Fairness and Regulation of Violence in Technological Design

Fairness and Regulation of Violence in Technological Design

Cameron Shelley
DOI: 10.4018/978-1-4666-2931-8.ch013
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The purpose of this article is to explore how the design of technology relates to the fairness of the distribution of violence in modern society. Deliberately or not, the design of technological artifacts embodies the priorities of its designers, including how violence is meted out to those affected by the design. Designers make implicit predictions about the context in which designs will perform, predictions that will not always be satisfied. Errors from failed predictions can affect people in ways that designers may not appreciate. In this article, several examples of how artifacts distribute violence are considered. The Taylor-Russell diagram is introduced as a means of representing and exploring this issue. The role of government regulation, safety, and social role in design assessment is discussed.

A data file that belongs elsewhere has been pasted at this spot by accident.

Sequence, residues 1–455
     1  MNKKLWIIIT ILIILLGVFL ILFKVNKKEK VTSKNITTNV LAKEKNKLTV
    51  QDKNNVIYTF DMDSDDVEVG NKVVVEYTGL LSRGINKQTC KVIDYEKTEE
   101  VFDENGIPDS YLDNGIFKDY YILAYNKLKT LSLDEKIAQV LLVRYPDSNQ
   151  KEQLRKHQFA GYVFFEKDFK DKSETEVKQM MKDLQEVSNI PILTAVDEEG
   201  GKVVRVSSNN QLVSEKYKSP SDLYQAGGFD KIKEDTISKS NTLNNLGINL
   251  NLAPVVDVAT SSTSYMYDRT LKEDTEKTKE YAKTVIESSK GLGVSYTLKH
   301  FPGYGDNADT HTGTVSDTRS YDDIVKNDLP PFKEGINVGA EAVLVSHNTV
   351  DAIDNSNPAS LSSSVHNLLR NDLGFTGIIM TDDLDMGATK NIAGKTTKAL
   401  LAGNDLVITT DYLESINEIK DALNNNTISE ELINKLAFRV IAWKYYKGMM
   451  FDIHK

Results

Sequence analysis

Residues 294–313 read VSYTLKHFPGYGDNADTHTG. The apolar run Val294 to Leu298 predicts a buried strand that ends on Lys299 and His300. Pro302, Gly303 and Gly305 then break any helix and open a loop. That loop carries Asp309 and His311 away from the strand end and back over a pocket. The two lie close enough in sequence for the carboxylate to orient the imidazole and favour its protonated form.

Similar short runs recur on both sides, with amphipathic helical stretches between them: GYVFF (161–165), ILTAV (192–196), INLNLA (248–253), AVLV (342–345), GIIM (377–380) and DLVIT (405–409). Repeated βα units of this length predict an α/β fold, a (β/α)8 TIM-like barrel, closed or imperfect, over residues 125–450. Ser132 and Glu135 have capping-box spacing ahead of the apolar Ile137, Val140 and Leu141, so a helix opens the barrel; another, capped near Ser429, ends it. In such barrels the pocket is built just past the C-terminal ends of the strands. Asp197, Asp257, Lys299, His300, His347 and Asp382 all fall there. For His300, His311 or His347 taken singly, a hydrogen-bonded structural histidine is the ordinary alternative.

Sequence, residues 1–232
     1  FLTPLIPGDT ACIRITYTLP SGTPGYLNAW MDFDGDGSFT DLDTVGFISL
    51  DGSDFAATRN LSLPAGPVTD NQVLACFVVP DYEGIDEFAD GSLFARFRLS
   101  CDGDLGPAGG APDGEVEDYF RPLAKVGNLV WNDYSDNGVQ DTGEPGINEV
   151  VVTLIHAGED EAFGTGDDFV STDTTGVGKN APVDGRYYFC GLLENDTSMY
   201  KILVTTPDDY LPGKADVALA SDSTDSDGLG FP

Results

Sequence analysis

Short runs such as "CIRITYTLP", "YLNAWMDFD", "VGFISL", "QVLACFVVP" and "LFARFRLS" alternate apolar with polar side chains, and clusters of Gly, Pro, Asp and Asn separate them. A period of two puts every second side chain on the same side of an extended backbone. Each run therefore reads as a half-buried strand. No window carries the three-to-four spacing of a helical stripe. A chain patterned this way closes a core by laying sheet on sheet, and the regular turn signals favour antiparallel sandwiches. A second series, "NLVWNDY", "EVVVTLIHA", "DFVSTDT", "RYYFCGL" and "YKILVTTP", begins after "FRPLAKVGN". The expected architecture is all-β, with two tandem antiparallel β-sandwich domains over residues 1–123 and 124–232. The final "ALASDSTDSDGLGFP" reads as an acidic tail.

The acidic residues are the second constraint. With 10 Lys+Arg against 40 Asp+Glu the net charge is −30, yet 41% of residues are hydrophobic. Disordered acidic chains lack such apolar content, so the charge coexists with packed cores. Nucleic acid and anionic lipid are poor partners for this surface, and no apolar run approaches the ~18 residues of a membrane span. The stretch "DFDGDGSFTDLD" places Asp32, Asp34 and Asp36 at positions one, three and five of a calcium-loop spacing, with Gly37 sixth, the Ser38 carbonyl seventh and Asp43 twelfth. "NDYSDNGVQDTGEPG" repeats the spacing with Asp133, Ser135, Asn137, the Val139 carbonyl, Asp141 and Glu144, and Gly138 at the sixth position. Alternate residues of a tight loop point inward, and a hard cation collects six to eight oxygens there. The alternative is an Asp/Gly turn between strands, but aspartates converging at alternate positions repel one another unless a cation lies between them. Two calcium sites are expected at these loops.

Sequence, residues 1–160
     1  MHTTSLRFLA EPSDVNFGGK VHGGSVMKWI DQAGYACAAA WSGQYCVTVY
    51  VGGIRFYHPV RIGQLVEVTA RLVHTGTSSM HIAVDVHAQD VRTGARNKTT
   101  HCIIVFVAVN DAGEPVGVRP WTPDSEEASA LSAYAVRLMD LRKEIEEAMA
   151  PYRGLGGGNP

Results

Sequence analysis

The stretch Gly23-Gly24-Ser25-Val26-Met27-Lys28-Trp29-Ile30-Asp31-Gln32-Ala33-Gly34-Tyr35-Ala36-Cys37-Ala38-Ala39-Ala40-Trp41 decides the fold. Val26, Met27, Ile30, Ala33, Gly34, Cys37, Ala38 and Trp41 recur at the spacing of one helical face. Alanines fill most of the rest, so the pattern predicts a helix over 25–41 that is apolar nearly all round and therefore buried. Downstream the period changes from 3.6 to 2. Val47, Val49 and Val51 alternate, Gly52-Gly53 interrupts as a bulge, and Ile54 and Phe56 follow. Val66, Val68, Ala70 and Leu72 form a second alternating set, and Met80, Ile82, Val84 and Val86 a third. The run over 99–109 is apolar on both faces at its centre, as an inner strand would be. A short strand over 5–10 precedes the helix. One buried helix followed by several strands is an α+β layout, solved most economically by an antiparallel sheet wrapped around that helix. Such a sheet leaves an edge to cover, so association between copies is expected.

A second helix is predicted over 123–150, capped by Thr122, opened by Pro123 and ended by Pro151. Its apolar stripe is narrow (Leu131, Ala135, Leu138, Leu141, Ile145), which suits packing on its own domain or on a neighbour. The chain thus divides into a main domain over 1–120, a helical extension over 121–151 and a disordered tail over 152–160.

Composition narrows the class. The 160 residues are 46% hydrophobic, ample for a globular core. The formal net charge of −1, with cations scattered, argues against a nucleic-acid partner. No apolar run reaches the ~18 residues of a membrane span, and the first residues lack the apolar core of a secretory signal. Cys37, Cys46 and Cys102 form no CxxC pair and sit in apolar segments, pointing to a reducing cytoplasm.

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2. The Taylor-Russell Diagram

The Taylor-Russell (T-R) diagram was invented by the psychologists Taylor and Russell to help analyze the validity of scholastic aptitude tests, such as the modern SAT (Taylor & Russell, 1939). This section provides a brief overview of the T-R diagram using the analysis of the SAT as an illustration.

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